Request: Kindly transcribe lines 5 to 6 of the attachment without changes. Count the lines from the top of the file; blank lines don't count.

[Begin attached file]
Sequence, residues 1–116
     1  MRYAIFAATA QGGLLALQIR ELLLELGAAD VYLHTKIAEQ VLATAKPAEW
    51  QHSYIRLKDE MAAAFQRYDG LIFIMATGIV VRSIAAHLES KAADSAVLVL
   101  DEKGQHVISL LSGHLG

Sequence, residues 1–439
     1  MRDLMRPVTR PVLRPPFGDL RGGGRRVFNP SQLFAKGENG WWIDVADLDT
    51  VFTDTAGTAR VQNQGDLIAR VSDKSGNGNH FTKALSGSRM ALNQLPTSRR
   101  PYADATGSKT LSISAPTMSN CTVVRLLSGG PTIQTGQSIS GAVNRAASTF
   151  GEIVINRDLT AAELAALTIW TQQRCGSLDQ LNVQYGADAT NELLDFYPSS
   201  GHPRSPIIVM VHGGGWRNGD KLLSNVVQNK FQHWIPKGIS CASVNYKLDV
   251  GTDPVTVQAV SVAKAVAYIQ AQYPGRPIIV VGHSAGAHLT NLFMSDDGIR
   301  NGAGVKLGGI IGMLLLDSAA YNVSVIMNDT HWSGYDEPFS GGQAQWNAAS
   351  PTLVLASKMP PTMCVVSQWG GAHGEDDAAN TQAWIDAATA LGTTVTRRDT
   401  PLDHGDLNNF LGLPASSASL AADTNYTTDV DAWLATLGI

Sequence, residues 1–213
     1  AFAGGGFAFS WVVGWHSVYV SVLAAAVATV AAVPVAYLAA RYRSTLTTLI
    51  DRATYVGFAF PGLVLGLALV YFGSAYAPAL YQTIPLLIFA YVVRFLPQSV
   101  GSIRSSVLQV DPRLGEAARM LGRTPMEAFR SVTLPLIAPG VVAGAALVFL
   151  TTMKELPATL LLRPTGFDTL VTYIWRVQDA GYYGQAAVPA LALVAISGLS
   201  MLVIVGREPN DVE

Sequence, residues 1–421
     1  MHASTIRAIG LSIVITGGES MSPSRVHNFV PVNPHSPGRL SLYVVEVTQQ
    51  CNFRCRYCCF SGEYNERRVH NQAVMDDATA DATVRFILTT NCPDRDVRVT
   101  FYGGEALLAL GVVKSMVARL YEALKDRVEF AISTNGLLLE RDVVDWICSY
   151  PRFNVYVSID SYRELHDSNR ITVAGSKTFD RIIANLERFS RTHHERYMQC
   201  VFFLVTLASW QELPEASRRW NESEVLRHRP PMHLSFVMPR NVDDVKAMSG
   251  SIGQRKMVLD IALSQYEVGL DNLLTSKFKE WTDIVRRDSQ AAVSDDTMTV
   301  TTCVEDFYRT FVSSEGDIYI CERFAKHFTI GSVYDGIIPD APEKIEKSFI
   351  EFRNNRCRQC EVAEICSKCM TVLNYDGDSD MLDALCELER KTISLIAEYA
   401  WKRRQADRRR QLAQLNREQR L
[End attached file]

Sequence, residues 1–439
     1  MRDLMRPVTR PVLRPPFGDL RGGGRRVFNP SQLFAKGENG WWIDVADLDT